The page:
In this age when women have been scaling heights and making leaps, we live in a state equally plagued by incidents of rampant sexism and harassment. From the “seemingly” less harmful catcalls, whistling and sexist remarks to the extreme forms of groping, flashing and physical abuse, women have been braving many forms of harassment as part of their daily struggle.
We, at Safecity, crowdsource personal stories of sexual harassment and abuse in the public sphere. It is innate for the human brain to seek patterns and rules. Through the use of data analytics, we present some insights/patterns which throw light on the stark realities women face in public spaces. Though furnished with a slightly satirical undertone, these findings are of utmost concern and points to the need of a massive, committed and concordant effort from all pillars of society for a safe city.
We noticed that a pattern formed in the trends of sexual harassment pertaining to the days in the week, Monday blues affect all at work, branding it the safest day and party mode hits on Fridays and Saturdays with ~40% incidents reported on these two days.
With a spike of incidents reported in February, it accounts for 22% of reported incidents.
Almost 25% of the time, it constituted sexist remarks and comment. If not that, 15% of the time it was touching/groping or catcalling or ogling. We can say that catcalling or ogling or taking pictures without consent would be accompanied by commenting.
Most working women use public transport as the primary mode for commuting. A staggering one-fifth of all the data collected are incidents that happen in a public transportation space. Close to 40% of incidents had a mention of buses or the people in it. The second in line is metro/trains, which covers about 16% of the incidents. Based on the hour of the day, we have come up with the most and least dangerous mode.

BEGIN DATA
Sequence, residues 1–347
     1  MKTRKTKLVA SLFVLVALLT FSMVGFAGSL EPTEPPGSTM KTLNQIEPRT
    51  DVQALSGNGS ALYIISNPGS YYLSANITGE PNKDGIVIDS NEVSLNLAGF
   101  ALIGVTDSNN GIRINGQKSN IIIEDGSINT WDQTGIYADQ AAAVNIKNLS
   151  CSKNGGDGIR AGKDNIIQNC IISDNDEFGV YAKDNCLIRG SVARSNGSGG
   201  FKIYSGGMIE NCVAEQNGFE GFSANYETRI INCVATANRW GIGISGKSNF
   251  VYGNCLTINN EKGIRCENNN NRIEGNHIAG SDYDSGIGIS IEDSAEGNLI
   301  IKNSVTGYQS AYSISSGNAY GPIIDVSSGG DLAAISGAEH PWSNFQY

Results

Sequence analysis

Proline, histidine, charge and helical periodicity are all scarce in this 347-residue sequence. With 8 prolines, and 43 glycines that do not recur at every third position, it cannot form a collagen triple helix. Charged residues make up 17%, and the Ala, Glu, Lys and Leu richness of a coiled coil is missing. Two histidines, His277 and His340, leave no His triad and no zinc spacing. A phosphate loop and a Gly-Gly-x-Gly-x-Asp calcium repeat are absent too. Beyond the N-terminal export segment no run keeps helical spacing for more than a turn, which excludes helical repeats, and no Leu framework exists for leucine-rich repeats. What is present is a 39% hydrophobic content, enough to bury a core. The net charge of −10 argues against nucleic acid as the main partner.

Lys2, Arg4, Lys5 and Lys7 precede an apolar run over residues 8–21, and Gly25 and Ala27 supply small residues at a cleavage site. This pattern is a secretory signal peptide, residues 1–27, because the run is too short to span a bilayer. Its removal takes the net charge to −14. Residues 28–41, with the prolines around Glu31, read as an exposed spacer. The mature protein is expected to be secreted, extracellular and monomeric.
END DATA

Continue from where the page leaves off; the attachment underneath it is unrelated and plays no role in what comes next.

It is a woman’s right to access and use public spaces and facilities just as much as a man can. Not using public transport is not only not an option, but a backtrack for the economy as well. Avoiding public transport not only inconveniences women but also restricts them from accessing something that is rightfully theirs thereby debilitating them.
Keeping in mind the stories that we hear of harassment, women are on their guard as soon as light falls. Armed with fear, tension and a pepper spray in hand, we put on scanning goggles and every passer-by seems a potential harasser. Close to two thousand cases of harassment are being reported to us every year, and this might just represent a miniscule proportion of the actual numbers. This needs to stop.
As a first step, we must confront it and tune our conviction to accept that harassment of any form is an outrageous offence and not accept it as a pervasive part of life or as eccentricities of the harasser. This also necessitates a paradigm shift from the defensive and regressive attitude of authorities for whom these insights might end up as just another statistic.
- Anupama Santhosh
A business analyst by profession, Anupama spends her day juggling between numbers and making plans for her next trip. An ardent solo traveller, an avid reader and a trained violinist, she makes it a point to systematicallydefy gender roles and break stereotypes. Rumi and Khalil Gibran add colour to her life.
This article was first published on SHEROES.